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I am struggling to understand kernels and how to determine whether they are proper or not.

For these examples can anyone explain why an example is proper and why another example is not.

Given $K_1$ and $K_2$ two proper kernels, determine which of the following formulae define proper kernels:

$$ K_4(x_1,x_2) = -K_1(x_1,x_2)^2 K_2(x_1,x_2) \\ K_3(x_1,x_2) = -K_2(x_1,x_2) + 3K_1(x_1,x_2) \\ K_5(x_1,x_2) = 15 K_1(x_1,x_2) $$

I am particularly interested in how you get the answer, rather than stating which are proper and which are not.

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  • $\begingroup$ Point of clarification required - Is $K_4$ defined to be the point-wise multiplication of entries in $-K_1^2$ and $K_2$ or the matrix product $-K_1^2K_2$? $\endgroup$ – Ansari Apr 18 '13 at 20:59
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In a machine learning context (i.e. "kernel methods"), the key requirement for a kernel is that it must be symmetric and positive-definite, that is, if $K$ is a kernel matrix, then for any (column) vector $x$ of the appropriate length, $x^{T}Kx$ must be a positive real number. This restriction is in place mostly due to requirements of optimization processes that operate downstream on this matrix.

To answer your question, certain basic operations preserve positive-definiteness, and some don't. You can use the definition of positive-definiteness above to decide whether an operation preserves that property or not. The product operation does not always preserve positive definiteness (it does preserve it in the case where their product is commutative). The square operation however does preserve it. For a real positive number $r$, $rK$ is positive definite, and the sum of any two positive definite matrices is also positive definite.

So in your examples, $K_3$ and $K_4$ may or may not be proper kernel matrices (to use your terminology) and $K_5$ is definitely a proper kernel matrix.

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  • $\begingroup$ Linear operations involving negative numbers as in $K_3$, cannot possibly always preserve positive-definiteness. After all if $K$ is positive definite then $-K$ is negative definite. $\endgroup$ – whuber Apr 18 '13 at 19:57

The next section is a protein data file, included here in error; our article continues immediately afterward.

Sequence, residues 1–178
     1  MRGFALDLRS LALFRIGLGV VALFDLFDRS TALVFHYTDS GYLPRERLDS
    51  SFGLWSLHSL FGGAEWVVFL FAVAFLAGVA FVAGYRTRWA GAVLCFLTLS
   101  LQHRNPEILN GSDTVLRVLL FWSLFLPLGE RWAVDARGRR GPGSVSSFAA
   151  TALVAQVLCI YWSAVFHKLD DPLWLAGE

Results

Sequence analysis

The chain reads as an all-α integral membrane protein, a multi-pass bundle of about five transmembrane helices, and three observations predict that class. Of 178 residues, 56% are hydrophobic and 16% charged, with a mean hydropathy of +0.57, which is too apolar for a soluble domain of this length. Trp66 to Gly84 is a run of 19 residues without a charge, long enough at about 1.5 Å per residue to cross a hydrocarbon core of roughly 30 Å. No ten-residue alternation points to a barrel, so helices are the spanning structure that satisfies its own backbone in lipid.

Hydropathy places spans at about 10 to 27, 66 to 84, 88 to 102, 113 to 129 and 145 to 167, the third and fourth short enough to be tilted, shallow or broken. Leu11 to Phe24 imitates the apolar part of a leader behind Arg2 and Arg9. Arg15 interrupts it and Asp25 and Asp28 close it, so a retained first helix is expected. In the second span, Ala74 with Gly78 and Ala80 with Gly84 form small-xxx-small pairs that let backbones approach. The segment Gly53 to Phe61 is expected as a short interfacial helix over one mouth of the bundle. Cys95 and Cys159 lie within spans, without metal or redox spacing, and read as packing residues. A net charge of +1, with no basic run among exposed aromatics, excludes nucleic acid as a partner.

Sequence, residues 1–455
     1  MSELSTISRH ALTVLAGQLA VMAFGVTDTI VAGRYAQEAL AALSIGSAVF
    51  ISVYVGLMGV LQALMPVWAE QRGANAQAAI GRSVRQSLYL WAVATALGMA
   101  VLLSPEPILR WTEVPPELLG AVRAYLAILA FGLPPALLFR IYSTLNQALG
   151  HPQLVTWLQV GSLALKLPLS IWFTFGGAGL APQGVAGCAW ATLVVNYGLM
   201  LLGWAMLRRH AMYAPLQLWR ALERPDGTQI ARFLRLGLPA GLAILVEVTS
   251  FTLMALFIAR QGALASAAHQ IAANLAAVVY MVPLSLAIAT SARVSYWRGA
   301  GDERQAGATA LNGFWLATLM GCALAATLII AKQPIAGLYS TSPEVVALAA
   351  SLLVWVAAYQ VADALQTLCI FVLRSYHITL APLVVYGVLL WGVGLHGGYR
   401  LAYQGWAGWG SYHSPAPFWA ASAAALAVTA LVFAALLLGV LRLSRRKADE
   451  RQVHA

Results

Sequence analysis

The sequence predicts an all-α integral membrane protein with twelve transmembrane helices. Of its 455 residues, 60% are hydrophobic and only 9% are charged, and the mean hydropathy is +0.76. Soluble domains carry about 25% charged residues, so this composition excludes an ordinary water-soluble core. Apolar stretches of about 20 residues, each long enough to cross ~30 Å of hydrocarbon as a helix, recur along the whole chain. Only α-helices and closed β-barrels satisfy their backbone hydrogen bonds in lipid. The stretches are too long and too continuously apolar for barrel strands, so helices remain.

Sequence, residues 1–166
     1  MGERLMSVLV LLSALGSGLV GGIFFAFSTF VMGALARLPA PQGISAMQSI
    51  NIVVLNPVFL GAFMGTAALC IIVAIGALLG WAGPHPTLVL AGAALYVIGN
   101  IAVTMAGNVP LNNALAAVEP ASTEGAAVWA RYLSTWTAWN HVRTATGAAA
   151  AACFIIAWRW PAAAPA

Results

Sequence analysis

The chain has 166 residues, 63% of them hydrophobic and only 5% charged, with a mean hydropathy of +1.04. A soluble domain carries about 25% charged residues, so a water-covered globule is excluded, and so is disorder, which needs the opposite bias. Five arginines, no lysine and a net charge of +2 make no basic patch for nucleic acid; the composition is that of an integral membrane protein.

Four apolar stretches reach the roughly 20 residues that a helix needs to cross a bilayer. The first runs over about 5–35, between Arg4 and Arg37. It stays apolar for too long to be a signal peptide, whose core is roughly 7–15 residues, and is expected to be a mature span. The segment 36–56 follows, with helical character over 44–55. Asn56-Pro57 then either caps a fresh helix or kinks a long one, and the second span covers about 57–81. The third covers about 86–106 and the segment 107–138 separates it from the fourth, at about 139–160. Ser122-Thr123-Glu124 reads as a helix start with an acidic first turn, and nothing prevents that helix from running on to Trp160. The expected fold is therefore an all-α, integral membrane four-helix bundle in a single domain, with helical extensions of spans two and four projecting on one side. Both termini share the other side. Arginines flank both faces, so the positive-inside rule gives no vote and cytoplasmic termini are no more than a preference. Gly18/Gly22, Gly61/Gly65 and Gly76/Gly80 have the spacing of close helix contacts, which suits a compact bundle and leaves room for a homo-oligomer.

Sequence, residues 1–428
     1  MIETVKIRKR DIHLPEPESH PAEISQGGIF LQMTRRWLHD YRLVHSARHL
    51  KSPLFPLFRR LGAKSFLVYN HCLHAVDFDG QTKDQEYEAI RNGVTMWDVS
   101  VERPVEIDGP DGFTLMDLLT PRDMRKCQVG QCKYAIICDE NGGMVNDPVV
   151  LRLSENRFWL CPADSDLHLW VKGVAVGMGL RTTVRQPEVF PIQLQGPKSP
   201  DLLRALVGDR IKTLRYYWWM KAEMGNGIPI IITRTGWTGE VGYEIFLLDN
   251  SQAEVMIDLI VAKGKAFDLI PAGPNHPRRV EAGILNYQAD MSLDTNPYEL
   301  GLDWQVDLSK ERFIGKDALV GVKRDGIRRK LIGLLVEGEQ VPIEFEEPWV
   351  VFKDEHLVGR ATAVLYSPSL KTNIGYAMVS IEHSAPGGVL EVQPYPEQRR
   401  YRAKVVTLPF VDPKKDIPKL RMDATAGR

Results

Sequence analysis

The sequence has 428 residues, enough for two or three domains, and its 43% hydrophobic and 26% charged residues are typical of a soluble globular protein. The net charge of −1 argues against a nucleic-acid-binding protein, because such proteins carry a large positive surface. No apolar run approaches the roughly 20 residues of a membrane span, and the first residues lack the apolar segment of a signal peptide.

• $\begingroup$ @whuber - Right you are! I wasn't thinking straight. $\endgroup$ – Ansari Apr 18 '13 at 20:00
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    $\begingroup$ Notice that $K_4$ is guaranteed to be nonpositive--there's no uncertainty about that. $\endgroup$ – whuber Apr 18 '13 at 20:03
  • $\begingroup$ @whuber - how can you be sure? As far as I can tell, $K_4$ is guaranteed non-positive only if $K_1K_2 = K_2K_1$. I must be missing something again ... $\endgroup$ – Ansari Apr 18 '13 at 20:07
  • $\begingroup$ $-K_1^2$, being the negative of a square, is always negative when applied to nonzero arguments and by assumption $K_2$ is always positive when applied to nonzero arguments, QED. $\endgroup$ – whuber Apr 18 '13 at 20:29
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One easy way is to think of a kernel function as a positive-semidefinite (PSD) matrix. Then you can use PSD tricks.

For example, if $K$ is PSD, then $-K$ is NSD and thus not PSD. On the other hand, if $K$ is PSD, $c K$ is PSD if $c$ is a scalar and $c > 0$. Thus, $K_4$ and $K_3$ are not generally kernels and $K_5$ is.

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  • $\begingroup$ oops sorry for the late answer - my connection was lost for a while. $\endgroup$ – Bitwise Apr 18 '13 at 20:52

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